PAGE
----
PubDate: Mon, 14 Mar 2016 13:31:47 PDT
- Digging Into Israel: The Sophisticated Tunneling Network of Hamas
Authors: Nicole J. Watkins et al.
Abstract: By the end of Operation Protective Edge in August 2014, the Israel Defense Force (IDF) claimed to have discovered and destroyed more than 30 tunnels spanning from beneath Gaza into Israeli territory. Hamas officials have praised these tunnels as an innovative approach to fighting an asymmetric war with a far more conventionally powerful Israel. The purpose of this case study is to examine the complexity of Hamas’ vast tunneling network by assessing the motivations behind the group’s decision to construct the network, to identify the factors that enabled Hamas to engage in such a complex engineering task, and to assess the level of effectiveness of the tunnel network both strategically and tactically against the IDF.
PubDate: Mon, 14 Mar 2016 13:31:38 PDT
- Los Zetas and Proprietary Radio Network Development
Authors: James Halverson
Abstract: The years from 2006 through 2011 were very active years for a number of Mexican drug trafficking organizations. However, the group that probably saw the most meteoric rise in this period, Los Zetas, had a unique and innovative tool at their disposal. It was during these years that the group constructed and utilized a proprietary encrypted radio network that grew to span from Texas to Guatemala through the Gulf States of Mexico and across much of the rest of the country. This network gave the group an operational edge. It also stood as a symbol of the latitude the group enjoyed across vast areas, as this extensive illicit infrastructure stood, in the face of the government and rival cartels, for six years. This investigation explicates the process by which Los Zetas constructed, concealed and utilized this network and attempts to draw conclusions about the motivations and organizational dynamics that brought the network to be, with attention paid to what this case says about the complex engineering capabilities of non-state entities in general.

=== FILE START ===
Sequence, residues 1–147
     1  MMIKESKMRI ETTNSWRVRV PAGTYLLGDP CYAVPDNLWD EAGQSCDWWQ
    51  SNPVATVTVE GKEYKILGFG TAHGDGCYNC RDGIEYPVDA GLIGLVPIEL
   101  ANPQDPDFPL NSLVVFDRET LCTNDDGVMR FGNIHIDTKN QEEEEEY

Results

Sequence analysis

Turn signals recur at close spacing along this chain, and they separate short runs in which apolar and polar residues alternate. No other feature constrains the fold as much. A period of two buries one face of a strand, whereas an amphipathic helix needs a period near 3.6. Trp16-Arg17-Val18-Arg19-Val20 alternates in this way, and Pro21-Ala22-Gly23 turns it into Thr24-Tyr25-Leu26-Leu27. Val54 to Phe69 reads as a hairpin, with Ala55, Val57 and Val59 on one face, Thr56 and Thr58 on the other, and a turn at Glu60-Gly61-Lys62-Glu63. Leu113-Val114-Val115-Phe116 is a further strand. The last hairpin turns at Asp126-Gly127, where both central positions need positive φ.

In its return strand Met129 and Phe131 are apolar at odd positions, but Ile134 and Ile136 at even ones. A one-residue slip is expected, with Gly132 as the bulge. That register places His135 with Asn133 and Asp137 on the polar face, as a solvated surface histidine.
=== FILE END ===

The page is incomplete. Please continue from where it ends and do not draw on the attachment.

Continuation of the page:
PubDate: Mon, 14 Mar 2016 13:31:31 PDT
- The Revolutionary Armed Forces of Colombia (FARC) and the Development of
Authors: Michelle Jacome Jaramillo
Abstract: The Revolutionary Armed Forces of Colombia (FARC) have been one of the world's most consistently formidable violent non-state actors over the last forty years. Unsurprisingly, the group has provided one of the most compelling and concerning examples of the level of technical sophistication attainable by sub-state organizations. Over the last two decades the group has carried out an iterative and innovative process that, in reaction to improved detection capabilities, has brought them from depending on disposable go-fast boats to transport drugs to possessing fully submersible and reusable covert vessels for transportation. The following case study will discuss the development of narco-submarines and the underlying motivations behind the pursuit of this complex engineering task. The case study will outline the different phases of the narco-submarine development and highlight FARC’s determination to overcome the challenges present in each design. This discussion will show how FARC’s systematized acquiring of information and expertise has resulted in the accomplishment of fully submersible vessels, capable of transporting more than 10 tons of illicit product.